Experts for introducing a better traffic system in place
Authorities in Bangladesh have been struggling to bring traffic back under control on the streets of Dhaka, one of world's most densely populated cities.
Violation of traffic rules, reckless driving and racing on roads by drivers have become the order of the day in the capital, causing vexing traffic congestion and frequent road crashes.
On Tuesday morning, a student of Bangladesh University of Professionals (BUP) was run over by a bus in front of Bashundhara Gate in Pragati Sarani area, prompting private university students to block the road in front of Jamuna Future Park, which left the traffic in the area in complete disarray.
Numerous efforts and initiatives taken by the government have failed to bring back traffic control on streets.
Long tailbacks make commuting in the city a nightmare. The chaotic traffic situation has somewhat become Dhaka's "identity" as one cannot talk about the city without mentioning the paralysing traffic congestion.
The Dhaka Metropolitan Police (DMP) observed special programs to bring back discipline on the streets last year after the students' road safety movement.
However, there has been no improvement.
Rickety buses run over traffic laws
The traffic rules awareness campaigns fell on deaf ears. Breaking the law in the streets of Dhaka appeared to have become a norm, as everyone – from drivers to pedestrians – violates traffic regulations.
It is a herculean task for the small number of traffic policemen to enforce the law.
In September last year, DMP set 121 stoppages for buses and issued a number of directives including: keeping doors closed while running, displaying staff's photo and mobile number, keeping updated documents and instructing owners to appoint drivers and assistants on fixed monthly salaries.
But the transport sector has shown no sign of change.
Buses pick and drop passengers wherever they want; the staff are appointed on a daily wage basis; numerous unfit vehicles and human haulers are running on the streets, many driven by under-aged drivers; while many vehicles regularly use the wrong lane.
Buses still compete among themselves for passengers, a tendency transport experts blame on the practice of hiring staff on daily wage basis.
Stuck on paper
A 10-member coordination committee, headed by Dhaka South City Corporation Mayor Sayeed Khokon, was formed to restructure the traffic system and reduce commotion on roads.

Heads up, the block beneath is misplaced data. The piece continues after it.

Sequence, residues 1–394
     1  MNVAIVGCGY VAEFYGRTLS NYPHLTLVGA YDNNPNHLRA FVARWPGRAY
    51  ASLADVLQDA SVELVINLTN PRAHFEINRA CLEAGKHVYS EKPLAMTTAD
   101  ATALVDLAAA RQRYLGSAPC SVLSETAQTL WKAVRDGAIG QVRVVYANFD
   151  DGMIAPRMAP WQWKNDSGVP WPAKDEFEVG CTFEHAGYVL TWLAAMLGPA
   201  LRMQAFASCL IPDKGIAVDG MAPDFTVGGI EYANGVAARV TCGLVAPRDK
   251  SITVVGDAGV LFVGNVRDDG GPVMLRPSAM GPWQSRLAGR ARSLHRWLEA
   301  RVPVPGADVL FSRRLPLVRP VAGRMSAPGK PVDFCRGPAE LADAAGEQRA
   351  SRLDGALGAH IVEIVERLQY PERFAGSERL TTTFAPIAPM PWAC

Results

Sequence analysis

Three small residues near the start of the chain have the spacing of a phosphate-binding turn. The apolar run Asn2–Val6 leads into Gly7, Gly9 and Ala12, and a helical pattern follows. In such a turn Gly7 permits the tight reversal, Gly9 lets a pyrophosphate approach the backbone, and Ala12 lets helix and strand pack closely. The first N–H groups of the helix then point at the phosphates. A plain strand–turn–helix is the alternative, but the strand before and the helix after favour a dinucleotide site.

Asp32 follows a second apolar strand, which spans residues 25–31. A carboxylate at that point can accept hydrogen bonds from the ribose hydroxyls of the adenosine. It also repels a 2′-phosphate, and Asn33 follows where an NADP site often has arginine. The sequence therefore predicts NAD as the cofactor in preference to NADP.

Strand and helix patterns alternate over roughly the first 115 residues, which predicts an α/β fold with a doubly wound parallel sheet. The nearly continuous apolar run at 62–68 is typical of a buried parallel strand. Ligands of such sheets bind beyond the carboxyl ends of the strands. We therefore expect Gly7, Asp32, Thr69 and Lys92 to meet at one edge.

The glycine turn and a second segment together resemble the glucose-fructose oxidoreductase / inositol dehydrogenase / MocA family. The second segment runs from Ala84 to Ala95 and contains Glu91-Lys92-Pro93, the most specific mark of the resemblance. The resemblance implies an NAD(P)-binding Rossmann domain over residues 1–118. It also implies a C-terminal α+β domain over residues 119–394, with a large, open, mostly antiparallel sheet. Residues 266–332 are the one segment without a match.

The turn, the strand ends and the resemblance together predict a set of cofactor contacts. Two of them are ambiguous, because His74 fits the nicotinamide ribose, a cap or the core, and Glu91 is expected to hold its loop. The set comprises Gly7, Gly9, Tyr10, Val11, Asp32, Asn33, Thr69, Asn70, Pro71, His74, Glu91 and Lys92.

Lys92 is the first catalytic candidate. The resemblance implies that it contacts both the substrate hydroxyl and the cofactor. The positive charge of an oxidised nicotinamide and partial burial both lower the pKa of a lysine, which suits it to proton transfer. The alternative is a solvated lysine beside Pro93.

"To restore order, 8,000 to 9,000 buses of only six companies will be allowed to run on 22 routes," Dr SM Saleh Uddin said, a committee member and project consultant.
"Another 4,500 new buses will be added to the current fleets," he said.
All bus staff will be employed through a proper recruitment process, Saleh said, adding that transport owners will be given loans with 5% to 6% interest to buy new buses.
Many buses that operate in Dhaka are old and rickety. However their exact number is yet to be known.
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A 15-member committee, headed by former minister Shajahan Khan, was set up to bring city traffic under proper management and curb accidents.
On February 17, Road Transport and Bridges Minister Obaidul Quader said the committee was asked to file a report recommending effective measures within the next 14 days.
"We'll take all necessary steps to bring discipline in city traffic," he said.
The report is yet to be filed.
'Change of mindset'
A study from Bangladesh University of Engineering and Technology (Buet) found that over 200 bus companies operate on 194 routes in Dhaka. Seven companies own over 100 buses, leading to cutthroat competition among them and an increase in the violation of rules and accidents.
"No other country has so many companies involved in the public transport sector," Buet professor Dr Shamsul Haque, a transport expert, said. "A small number of companies should be allowed to operate to restore discipline in the capital's traffic sector."
He said stiff competition among the private transport companies for revenue led to the collapse of the entire traffic system.
During one such competition in July last year, a bus ploughed through a group of students on Airport Road, killing two of them. The deaths triggered a countrywide movement for road safety that lasted for almost a week.
During the demonstration, the protesters effectively took control of the city traffic and tried to raise awareness about following the laws on the streets.
Although the general people and drivers had shown signs of change, they reverted to their old selves within a few days after the movement stopped.
Prof Haque said: "The chaotic situation will not change unless we raise awareness among the people and transport operators."
"The law enforcers should strictly implement the law without hesitation," he added.